So, in brief, you can use any of these spellings, and stand on solid ground.  The one thing that is certain, is that there is no word “chrysalid” in singular or plural!

October 4

2019 October 4

 

   Jochen Möhr’s moths from Metchosin this morning:

 

2 Drepanulatrix sp.

2 Dryotype opina

1 Lambdina fiscellaria

1 Platyptilia carduidactylus

2 Pleromelloida cinerea

2 Sunira decipiens

3 Tetracis jubararia/pallulata

 


Sunira decipiens (Lep.: Noctuidae)   Jochen Möhr

 


Platyptilia carduidactylus (Lep.:  Pterophoridae) Jochen Möhr

 



Lambdina fiscellaria (Lep.: Geometridae) Jochen Möhr

 

 

   Naturalists who are familiar with spreadwing damselflies might keep a look-out in British Columbia for

Archilestes californicus.  This is a new species for Canada.  I have just been notified via Dr Rob Cannings of the discovery of the fourth British Columbia record, in the Osoyoos Desert, by Eckert Cameron.  This is what it looks like:

 


Archilestes californicus (Odo.: Lestidae)  Eckert Cameron

 

   Rob describes it as follows:  Archilestes californicus is a very large (4.5-6 cm long) brown spreadwing with a white-striped thorax. The male’s eyes and labrum are blue; the abdomen is brown above with darker areas tinged with green; segs 9-10 are pruinose; the paraprocts are short and parallel, visible from above; the pterostigmas are tan or whitish.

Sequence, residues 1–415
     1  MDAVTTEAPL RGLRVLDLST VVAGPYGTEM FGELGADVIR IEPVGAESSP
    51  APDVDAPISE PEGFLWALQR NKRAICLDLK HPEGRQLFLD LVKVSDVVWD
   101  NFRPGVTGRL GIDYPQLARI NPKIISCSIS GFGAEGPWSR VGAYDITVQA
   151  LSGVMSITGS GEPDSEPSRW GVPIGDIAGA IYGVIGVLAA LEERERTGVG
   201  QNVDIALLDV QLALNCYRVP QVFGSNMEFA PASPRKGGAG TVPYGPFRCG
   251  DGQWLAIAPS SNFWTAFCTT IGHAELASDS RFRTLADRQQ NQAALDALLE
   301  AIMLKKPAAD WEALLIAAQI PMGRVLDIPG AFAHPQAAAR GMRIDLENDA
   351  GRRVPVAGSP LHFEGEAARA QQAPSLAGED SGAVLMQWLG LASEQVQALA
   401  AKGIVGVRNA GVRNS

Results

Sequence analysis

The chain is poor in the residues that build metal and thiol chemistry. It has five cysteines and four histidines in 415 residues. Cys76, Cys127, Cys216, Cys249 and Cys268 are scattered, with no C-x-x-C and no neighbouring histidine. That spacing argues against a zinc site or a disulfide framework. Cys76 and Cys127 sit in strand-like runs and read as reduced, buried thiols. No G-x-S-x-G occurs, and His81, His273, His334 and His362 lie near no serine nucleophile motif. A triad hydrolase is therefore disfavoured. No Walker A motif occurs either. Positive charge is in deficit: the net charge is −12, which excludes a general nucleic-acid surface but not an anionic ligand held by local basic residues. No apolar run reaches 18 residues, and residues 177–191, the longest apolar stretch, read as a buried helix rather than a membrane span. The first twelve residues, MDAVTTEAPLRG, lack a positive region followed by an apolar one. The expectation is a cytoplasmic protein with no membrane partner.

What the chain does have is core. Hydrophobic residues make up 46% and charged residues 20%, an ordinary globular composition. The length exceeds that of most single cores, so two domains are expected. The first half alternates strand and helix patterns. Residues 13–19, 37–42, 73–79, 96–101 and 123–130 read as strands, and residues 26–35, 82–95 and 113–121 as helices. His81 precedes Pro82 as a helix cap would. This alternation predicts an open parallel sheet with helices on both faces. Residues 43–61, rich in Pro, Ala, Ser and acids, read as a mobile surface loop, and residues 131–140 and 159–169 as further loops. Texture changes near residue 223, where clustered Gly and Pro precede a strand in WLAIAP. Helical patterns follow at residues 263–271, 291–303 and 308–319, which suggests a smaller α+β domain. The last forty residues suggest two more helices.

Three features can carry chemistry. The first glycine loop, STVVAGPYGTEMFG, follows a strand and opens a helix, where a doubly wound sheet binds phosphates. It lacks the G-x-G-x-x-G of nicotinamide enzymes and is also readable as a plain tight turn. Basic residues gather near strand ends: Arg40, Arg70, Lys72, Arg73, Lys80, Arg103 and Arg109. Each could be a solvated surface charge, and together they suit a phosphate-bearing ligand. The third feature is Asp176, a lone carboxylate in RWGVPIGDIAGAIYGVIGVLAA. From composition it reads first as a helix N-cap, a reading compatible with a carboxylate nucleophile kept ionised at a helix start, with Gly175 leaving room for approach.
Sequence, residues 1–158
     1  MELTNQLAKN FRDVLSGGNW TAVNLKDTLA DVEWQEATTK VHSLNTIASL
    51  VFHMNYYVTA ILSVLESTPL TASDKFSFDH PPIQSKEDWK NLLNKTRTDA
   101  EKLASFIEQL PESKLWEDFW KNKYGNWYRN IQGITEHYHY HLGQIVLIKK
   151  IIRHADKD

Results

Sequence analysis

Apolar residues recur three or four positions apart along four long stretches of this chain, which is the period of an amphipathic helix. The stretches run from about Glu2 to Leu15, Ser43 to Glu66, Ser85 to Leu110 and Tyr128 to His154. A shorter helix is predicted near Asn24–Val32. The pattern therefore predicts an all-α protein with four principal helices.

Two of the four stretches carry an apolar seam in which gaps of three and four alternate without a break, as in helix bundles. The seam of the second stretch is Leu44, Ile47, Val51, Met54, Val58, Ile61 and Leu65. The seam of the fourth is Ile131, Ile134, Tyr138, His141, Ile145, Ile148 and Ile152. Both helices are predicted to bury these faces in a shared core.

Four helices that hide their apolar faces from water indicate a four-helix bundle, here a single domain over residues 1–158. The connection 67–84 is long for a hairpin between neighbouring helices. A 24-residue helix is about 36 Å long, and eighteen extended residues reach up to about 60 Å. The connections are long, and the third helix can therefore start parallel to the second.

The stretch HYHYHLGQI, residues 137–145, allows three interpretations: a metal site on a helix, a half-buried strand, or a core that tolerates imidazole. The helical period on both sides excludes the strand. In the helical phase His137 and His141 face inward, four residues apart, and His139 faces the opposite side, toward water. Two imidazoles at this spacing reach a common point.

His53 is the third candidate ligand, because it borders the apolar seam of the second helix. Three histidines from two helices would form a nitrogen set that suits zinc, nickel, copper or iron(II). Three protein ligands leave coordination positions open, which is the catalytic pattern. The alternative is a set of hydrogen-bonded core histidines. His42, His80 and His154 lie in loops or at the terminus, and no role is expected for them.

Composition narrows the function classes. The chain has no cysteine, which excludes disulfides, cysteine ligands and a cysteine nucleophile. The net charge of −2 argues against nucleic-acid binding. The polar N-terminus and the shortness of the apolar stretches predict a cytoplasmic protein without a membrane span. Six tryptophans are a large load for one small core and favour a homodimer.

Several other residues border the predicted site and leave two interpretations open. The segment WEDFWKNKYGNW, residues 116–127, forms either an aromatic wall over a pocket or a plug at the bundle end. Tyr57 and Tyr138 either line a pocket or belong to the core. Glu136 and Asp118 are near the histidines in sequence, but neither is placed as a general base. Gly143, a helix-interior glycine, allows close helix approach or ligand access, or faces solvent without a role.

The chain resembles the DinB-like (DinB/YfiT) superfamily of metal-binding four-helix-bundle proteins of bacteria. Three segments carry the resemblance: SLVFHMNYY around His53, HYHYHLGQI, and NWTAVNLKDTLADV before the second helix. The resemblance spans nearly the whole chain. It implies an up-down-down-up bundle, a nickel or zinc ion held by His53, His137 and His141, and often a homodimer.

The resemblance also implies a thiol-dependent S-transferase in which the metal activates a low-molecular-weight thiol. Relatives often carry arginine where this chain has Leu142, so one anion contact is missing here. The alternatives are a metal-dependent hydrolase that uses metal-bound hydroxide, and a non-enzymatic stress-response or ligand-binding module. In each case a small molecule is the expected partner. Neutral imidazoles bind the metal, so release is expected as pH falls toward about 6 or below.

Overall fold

If anyone thinks he or she sees or has photographed this species in British Columbia, let us know, and I’ll pass it on to Rob if it looks good.  Jeremy Tatum

 

 

October 3

2019 October 3

 

   Jochen Möhr’s moths from Metchosin this morning:

 

 

1 Hypena californica

1 Lithomoia germana 

2 Pleromelloida cinerea

3 Tetracis jubararia/pallulata

1 Drepanulatix sp.

2 Dryotype opina

October 2

2019 October 2

[Sorry to be posting this so early in the day – I’m not expecting to be back at the computer again today.  Jeremy]

 

Jochen Möhr’s moths from Metchosin, October 1 and 2:

October 1

1 Dryotype opina

1 Lithomoia germana

2 Pleromelloida cinerea 

October 2

2 Drepanulatrix sp.

2 Dryotype opina

1 Ennomos magnaria

1 Hypena californica

1 Lithomoia germana

2 Pleromelloida cinerea 

1 Tetracis jubararia/pallulata

 


Dryotype opina (Lep.: Noctuidae)  Jochen Möhr

 


Xanthorhoe defensaria (Lep.: Geometridae) Jochen Möhr